Bydgoszcz is a city located in northern Poland, on the Brda and Vistula rivers. With a city population of 363,926 (March 2011), and an urban agglomeration with more than 470,000 inhabitants, Bydgoszcz is the 8th-largest city in Poland. It has been the seat of Bydgoszcz County and the co-capital, with Toruń, of the Kuyavian-Pomeranian Voivodeship since 1999. Prior to this, between 1947 and 1998, it was the capital of the Bydgoszcz Voivodeship, and before that, of the Pomeranian Voivodeship between 1945 and 1947.
Bydgoszcz is part of the metroplex Bydgoszcz-Toruń, which totals over 850,000 inhabitants. Bydgoszcz is the seat of Kazimierz Wielki University, University of Technology and Life Sciences and a conservatory, as well as a Collegium Medicum of Nicolaus Copernicus University in Toruń. Bydgoszcz hosts the Filharmonia Pomorska concert hall, the Opera Nova opera house, and the Bydgoszcz Ignacy Jan Paderewski Airport. Due to its location between the Vistula and Odra rivers, and the water course of the Bydgoszcz Canal, the city forms part of a water system connected via the Noteć, Warta, Odra, and Elbe with the Rhine and Rotterdam. Bydgoszcz was a candidate for the title of European Capital of Culture in 2016.
During the early Slavic times a fishing settlement called Bydgozcya ("Bydgostia" in Latin), the city became a stronghold for the Vistula trade routes. In the 13th century it was the site of a castellany, mentioned in 1238. The city was occupied by the Teutonic Knights in 1331, and incorporated into the monastic state of the Teutonic Knights. The city was relinquished by the Knights in 1343 with their signing of the Treaty of Kalisz along with Dobrzyń and the remainder of Kuyavia.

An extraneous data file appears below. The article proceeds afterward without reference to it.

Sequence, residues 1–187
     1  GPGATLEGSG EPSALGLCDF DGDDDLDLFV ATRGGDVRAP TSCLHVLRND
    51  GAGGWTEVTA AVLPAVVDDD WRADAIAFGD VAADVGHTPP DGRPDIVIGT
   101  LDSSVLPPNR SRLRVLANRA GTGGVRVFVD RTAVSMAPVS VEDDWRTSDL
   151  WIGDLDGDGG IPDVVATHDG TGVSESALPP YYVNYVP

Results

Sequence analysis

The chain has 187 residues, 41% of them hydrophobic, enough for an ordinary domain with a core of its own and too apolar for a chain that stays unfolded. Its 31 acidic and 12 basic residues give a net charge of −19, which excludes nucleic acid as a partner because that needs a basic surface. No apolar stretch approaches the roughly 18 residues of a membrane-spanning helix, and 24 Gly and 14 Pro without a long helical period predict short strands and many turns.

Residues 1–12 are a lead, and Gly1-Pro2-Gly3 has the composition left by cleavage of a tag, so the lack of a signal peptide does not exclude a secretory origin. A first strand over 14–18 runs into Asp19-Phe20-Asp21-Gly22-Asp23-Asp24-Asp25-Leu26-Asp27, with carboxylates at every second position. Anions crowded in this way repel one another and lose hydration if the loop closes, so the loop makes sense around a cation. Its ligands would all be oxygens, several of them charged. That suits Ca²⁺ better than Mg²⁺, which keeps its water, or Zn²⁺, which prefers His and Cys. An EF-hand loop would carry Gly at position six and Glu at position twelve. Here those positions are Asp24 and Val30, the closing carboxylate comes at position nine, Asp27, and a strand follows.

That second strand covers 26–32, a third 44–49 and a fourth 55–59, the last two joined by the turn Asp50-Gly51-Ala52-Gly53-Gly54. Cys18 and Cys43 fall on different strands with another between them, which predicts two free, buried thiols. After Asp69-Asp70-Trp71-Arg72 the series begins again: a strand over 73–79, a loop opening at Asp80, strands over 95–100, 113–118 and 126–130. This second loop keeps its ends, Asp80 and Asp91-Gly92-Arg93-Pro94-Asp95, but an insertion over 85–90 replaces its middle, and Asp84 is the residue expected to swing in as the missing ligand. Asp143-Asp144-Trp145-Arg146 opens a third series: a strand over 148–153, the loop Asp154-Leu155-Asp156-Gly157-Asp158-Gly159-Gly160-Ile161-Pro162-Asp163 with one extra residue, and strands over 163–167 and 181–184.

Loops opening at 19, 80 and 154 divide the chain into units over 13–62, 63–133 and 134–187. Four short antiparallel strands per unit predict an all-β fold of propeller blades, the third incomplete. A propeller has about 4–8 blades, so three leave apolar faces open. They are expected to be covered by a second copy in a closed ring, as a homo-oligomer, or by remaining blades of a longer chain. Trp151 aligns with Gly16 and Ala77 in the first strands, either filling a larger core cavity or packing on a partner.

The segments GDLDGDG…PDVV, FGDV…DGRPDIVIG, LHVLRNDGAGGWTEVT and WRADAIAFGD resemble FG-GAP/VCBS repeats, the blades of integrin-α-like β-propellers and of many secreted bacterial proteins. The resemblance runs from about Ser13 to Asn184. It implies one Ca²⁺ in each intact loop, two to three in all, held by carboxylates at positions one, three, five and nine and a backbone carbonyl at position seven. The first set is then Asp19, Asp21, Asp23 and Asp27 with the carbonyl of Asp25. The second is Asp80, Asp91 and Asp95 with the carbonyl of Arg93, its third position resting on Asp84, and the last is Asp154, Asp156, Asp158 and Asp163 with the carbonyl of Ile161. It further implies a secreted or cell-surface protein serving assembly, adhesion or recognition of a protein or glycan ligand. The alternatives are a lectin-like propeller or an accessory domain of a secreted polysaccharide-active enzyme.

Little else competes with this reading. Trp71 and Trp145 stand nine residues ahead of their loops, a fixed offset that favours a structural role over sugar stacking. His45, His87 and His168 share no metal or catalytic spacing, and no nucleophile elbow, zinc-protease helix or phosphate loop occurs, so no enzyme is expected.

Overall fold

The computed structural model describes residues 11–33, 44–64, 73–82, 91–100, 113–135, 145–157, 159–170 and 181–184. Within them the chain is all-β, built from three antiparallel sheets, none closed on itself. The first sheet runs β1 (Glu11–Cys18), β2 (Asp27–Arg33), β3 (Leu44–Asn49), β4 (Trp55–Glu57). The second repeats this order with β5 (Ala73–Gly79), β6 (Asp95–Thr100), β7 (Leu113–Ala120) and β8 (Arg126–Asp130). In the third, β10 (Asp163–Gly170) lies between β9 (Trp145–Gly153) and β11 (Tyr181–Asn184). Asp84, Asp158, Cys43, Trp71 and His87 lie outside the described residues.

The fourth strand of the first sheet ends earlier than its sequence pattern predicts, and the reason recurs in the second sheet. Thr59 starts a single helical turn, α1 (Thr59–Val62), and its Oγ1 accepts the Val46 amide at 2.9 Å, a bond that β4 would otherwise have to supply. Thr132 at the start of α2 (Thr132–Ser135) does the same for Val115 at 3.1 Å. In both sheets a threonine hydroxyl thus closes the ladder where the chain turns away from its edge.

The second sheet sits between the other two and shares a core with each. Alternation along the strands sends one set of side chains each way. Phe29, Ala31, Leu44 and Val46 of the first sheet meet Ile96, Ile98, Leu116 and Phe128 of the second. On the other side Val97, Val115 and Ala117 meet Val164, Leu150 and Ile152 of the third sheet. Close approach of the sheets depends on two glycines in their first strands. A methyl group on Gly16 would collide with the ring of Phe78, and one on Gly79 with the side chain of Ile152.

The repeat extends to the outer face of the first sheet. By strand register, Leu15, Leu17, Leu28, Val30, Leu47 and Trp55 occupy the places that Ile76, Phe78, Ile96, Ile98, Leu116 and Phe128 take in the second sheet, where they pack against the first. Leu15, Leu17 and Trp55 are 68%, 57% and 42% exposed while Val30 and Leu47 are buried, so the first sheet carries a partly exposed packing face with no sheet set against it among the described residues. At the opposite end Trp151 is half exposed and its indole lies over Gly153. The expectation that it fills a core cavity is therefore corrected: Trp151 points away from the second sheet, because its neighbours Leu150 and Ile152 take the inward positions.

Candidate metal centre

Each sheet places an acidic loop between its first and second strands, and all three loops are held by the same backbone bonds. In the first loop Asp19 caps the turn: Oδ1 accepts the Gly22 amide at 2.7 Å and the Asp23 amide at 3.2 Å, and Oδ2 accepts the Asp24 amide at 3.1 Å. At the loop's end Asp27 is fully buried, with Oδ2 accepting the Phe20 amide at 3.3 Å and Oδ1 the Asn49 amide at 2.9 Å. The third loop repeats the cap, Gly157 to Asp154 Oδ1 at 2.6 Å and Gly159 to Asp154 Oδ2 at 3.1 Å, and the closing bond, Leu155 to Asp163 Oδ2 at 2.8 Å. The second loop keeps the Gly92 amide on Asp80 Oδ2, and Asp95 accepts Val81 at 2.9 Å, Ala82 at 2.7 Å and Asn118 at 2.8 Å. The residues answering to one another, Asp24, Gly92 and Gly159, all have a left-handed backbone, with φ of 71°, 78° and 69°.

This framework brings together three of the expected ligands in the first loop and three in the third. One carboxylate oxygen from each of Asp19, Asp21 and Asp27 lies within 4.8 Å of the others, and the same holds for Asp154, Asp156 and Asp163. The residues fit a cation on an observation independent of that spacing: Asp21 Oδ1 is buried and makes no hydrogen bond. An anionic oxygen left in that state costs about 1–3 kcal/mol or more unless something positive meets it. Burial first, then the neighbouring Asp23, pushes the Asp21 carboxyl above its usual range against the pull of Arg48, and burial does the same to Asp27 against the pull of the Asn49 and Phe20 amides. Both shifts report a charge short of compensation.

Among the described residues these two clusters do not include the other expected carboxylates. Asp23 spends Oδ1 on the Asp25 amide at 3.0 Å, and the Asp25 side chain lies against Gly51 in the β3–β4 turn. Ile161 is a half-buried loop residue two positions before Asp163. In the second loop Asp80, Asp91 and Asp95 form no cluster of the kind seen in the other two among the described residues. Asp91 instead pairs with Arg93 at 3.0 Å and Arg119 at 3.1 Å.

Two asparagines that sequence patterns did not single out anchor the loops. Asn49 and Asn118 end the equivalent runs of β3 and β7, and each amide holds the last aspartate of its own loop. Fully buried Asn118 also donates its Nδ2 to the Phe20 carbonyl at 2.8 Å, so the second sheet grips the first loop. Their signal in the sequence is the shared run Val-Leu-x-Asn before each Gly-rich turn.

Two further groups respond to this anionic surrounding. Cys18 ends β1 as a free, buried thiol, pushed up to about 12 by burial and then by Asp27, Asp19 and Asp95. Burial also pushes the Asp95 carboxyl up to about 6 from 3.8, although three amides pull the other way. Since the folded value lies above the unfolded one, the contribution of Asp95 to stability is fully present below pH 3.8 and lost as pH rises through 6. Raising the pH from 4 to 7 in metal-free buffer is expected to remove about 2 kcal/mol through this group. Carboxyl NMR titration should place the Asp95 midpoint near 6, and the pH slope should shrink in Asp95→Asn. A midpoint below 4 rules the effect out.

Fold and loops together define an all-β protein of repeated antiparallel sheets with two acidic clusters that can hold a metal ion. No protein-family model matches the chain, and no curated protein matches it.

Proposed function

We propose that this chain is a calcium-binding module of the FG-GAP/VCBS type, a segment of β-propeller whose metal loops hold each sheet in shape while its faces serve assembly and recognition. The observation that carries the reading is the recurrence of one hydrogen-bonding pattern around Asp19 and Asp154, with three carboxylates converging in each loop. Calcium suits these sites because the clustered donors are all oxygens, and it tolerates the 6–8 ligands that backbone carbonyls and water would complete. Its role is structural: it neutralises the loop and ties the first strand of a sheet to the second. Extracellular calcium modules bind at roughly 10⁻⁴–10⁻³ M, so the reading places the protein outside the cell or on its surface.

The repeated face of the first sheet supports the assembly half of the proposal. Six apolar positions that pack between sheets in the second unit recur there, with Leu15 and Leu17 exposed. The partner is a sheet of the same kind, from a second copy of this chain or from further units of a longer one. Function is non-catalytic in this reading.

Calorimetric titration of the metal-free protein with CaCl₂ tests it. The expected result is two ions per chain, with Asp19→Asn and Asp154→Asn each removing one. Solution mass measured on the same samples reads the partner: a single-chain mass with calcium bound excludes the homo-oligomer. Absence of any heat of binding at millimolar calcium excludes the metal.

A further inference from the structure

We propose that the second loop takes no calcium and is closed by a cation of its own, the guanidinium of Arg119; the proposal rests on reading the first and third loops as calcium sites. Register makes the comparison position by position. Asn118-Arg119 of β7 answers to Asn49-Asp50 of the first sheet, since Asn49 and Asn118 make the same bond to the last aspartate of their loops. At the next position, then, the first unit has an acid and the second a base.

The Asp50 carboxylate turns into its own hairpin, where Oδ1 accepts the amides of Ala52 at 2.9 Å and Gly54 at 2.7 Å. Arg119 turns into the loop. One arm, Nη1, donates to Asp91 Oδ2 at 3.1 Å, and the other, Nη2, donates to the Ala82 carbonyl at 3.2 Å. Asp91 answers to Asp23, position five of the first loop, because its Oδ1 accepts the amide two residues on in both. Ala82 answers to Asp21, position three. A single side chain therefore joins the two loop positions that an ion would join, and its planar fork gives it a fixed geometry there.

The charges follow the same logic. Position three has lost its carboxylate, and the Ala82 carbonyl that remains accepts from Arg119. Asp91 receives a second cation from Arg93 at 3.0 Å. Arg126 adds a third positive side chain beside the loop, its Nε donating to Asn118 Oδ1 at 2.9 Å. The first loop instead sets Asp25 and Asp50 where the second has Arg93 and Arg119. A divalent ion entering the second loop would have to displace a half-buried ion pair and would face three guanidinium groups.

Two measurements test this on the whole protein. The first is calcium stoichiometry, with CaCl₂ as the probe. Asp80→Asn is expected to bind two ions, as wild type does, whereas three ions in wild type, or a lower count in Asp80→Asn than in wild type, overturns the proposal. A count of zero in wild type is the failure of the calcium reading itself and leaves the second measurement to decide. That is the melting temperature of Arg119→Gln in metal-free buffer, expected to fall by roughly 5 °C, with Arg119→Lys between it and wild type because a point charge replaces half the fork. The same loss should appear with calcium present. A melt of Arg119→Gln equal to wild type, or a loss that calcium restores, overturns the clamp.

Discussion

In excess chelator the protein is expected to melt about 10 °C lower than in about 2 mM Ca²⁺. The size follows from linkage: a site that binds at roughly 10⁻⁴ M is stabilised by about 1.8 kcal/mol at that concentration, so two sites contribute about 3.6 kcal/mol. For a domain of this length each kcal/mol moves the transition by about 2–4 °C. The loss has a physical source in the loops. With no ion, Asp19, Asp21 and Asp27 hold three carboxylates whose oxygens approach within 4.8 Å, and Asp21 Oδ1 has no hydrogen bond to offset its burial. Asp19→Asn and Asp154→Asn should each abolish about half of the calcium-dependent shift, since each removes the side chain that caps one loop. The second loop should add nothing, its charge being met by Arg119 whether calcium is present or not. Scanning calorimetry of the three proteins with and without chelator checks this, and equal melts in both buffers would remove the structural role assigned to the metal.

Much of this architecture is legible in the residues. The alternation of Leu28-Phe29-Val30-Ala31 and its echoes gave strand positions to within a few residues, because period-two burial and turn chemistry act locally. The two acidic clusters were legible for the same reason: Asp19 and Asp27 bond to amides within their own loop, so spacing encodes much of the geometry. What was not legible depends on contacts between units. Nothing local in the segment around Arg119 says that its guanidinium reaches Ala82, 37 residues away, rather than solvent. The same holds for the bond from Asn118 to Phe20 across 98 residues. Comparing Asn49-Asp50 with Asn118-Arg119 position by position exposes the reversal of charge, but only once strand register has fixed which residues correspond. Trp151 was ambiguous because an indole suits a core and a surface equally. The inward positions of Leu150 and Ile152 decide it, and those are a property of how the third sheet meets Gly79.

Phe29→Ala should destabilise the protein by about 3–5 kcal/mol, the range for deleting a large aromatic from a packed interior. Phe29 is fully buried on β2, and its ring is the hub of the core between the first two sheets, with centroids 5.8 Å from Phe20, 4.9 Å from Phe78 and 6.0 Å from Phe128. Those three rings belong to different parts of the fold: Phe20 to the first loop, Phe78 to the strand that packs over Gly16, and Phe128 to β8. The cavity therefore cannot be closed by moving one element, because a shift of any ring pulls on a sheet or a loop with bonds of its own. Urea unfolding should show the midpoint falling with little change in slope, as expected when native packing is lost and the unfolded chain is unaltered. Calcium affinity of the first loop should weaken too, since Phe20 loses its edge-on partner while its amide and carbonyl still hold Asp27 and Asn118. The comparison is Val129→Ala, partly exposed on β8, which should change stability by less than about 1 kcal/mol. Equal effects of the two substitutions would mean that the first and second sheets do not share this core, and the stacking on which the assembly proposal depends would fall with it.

King Casimir III of Poland, granted Bydgoszcz city rights (charter) on April 19, 1346. The city increasingly saw an influx of Jews after that date. In the 15th–16th centuries Bydgoszcz was a significant site for wheat trading.
The Treaty of Bydgoszcz agreed in 1657 by King John II Casimir Vasa of Poland and Elector Frederick William II of Brandenburg-Prussia created a military alliance between Poland and Prussia while marking the withdrawal of Prussia from its alliance with Sweden.
Bydgoszcz followed the history of Greater Poland until 1772, when it was annexed by the Kingdom of Prussia in the First Partition of Poland and incorporated into the Netze District as Bromberg and, later, West Prussia. During this time, a canal was built from Bromberg to Nakło which connected the north-flowing Vistula River via the Brda to the west-flowing Noteć, which in turn flowed to the Oder via the Warta.
In 1807, after the defeat of Prussia by Napoleon, and the signing of the Treaty of Tilsit, Bromberg became part of the Duchy of Warsaw. In 1815 it returned to Prussian rule as part of the autonomous Grand Duchy of Poznań (the Province of Posen after 1848) and the capital of the Bromberg region. After 1871 the city was part of the German Empire. After World War I and the Great Poland Uprising, Bromberg was assigned to Poland in 1919. The local populace had to acquire Polish citizenship or leave the country. This led to a significant decline of ethnic Germans, whose number within the town decreased from 74,292 in 1910 to 11,016 in 1926 and from 31,212 to 13,281 within the district. In 1938 it was made part of the Pomeranian Voivodeship.
From 1939–45 during World War II, Bydgoszcz was occupied by Nazi Germany, in the Invasion of Poland and annexed to the Reichsgau Wartheland as the seat of the district or county (kreis) of Bromberg . On September 3, 1939, shortly after the war started, the Bromberg Bloody Sunday incident occurred; the incident was used in Nazi propaganda and as an excuse for reprisals against the Polish population, following the occupation of the city by the Wehrmacht on September 9. The city's Jewish citizens were repressed and thousands of people were sent to concentration camps and/or executed. Bromberg was the site of Bromberg-Ost, a women's subcamp of Stutthof. A deportation camp was situated in Smukała village, now part of Bydgoszcz. According to Nowa encyklopedia powszechna PWN, 37,000 citizens of the city died during the war.
Throughout its history the city has been part of: